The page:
BERLIN (Reuters) - Germany is investigating whether engine trouble in an Airbus (AIR.PA) A400M, which broke down during a visit by Germany’s defence minister to Lithuania, represents a new technical problem for the plane, Europe’s largest defence project.
Germany’s defence ministry described Tuesday’s incident, which follows years of delays and technical issues for the A400M, as “very aggravating”.
Defence Minister Ursula von der Leyen was on her first foreign trip on the plane, which was meant to showcase the capabilities of the multinational programme. She had to fly home on another older plane, leaving the A400M behind.
A German defence ministry spokesman said the air force was investigating oil leaks discovered in one of the plane’s four engines during a routine check after arrival in Lithuania.
“The company knows what needs to be done. We want a reliable and efficient aircraft,” the spokesman said on Wednesday.
Airbus, which has already written off over 5 billion euros on the programme after gearbox problems and fuselage cracks, said it was doing all it could to help with any analysis required, adding that an Airbus pilot was standing by to help return the defective aircraft to Germany.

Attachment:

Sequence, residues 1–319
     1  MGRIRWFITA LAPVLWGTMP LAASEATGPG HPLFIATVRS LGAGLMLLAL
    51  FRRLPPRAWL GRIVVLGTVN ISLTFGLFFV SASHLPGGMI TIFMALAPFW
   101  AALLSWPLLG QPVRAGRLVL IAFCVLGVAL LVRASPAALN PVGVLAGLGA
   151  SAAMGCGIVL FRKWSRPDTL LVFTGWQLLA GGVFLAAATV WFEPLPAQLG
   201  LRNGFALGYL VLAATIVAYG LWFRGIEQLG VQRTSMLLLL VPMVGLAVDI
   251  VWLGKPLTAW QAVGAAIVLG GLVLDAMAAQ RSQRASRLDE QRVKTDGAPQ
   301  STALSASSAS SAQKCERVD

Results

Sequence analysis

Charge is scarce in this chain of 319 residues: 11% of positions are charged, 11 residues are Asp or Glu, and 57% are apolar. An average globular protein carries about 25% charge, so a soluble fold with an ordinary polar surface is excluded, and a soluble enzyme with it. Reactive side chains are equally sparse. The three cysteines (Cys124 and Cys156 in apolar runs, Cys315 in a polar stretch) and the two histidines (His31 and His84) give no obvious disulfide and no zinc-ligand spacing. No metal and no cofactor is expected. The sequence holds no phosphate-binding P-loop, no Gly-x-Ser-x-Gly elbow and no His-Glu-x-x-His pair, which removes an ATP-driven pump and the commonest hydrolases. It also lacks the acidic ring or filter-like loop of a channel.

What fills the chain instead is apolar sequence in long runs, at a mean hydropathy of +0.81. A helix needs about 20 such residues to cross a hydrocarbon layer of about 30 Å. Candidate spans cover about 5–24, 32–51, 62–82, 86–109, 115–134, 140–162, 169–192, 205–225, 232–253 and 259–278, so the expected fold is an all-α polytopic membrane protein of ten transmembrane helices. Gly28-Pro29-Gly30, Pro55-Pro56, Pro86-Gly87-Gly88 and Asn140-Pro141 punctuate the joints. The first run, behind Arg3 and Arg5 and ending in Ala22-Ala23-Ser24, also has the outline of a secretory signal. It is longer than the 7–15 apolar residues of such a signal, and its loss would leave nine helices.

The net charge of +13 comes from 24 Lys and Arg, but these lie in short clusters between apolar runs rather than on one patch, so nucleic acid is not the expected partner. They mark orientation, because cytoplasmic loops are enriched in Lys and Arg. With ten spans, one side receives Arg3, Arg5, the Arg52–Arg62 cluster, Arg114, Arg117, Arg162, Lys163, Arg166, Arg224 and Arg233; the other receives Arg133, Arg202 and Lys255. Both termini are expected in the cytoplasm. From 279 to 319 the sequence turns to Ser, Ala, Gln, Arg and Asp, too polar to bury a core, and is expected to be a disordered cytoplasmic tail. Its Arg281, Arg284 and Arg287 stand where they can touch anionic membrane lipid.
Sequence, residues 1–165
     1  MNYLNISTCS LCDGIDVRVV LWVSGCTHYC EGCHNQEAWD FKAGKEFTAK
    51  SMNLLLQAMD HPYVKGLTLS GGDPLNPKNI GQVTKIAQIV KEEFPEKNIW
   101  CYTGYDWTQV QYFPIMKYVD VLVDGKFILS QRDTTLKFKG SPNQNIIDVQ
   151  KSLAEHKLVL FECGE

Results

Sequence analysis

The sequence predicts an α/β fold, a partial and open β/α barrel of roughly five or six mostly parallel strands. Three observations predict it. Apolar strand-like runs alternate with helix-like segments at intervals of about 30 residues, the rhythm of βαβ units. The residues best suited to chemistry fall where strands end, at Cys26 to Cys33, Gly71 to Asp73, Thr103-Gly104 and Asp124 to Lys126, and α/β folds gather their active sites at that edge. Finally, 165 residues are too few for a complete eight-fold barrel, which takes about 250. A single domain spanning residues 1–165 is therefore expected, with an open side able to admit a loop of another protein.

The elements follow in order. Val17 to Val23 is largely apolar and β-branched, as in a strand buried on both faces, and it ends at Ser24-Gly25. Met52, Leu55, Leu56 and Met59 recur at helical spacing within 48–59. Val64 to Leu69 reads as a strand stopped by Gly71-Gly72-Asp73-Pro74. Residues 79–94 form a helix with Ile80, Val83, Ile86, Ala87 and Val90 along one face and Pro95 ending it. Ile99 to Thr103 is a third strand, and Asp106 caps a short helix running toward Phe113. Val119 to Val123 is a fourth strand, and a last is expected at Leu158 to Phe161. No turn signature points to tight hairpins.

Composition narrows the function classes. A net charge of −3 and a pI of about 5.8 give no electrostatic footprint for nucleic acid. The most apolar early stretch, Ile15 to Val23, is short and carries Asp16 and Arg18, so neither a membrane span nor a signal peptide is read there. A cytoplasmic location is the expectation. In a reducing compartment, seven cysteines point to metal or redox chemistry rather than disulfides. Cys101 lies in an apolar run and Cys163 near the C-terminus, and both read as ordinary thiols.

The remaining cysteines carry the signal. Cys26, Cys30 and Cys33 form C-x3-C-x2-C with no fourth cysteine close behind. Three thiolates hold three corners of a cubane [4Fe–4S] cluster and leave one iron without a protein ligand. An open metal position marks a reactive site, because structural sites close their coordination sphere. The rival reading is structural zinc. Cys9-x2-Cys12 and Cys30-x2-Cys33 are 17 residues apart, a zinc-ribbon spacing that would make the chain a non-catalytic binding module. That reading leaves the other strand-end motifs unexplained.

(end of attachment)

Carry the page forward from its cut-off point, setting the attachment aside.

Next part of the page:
“We are shocked and deeply regret that the defence minister and her delegation suffered significant travel consequences as a result of the breakdown of an A400M,” an Airbus spokesman said.
The A400M programme is years behind schedule, with Germany’s share of the costs having risen to 9.6 billion euros ($10.2 billion) from an initial estimate of 8.1 billion.
Germany is the largest customer for A400M, which was initially developed for seven European NATO nations at a cost of 20 billion euros.
The latest episode followed a report that Germany hoped to maintain access to more A400M planes by signing pooling agreements with several countries, instead of selling on 13 of the 53 aircraft it is due to buy.
German officials said new aircraft often experienced “growing pains” but it was unclear if the latest issue revealed a new technical challenge. A German air force spokesman said investigators were focused on the engine’s hydraulic system, but had no further details.
The defence ministry spokesman said Germany had a good contract with Airbus that allowed it to demand compensation for delays and other issues.
Germany only took delivery of the defective A400M - the first delivered with self-defence equipment - in December.
A second was delivered one or two weeks ago, and German sources said they expected to receive eight or nine more A400M aircraft this year.
Airbus said it had made great strides on the programme over the last year, with the total A400M fleet now having logged more than 40,000 flight hours.
Editing by Michael Nienaber and Alexander Smith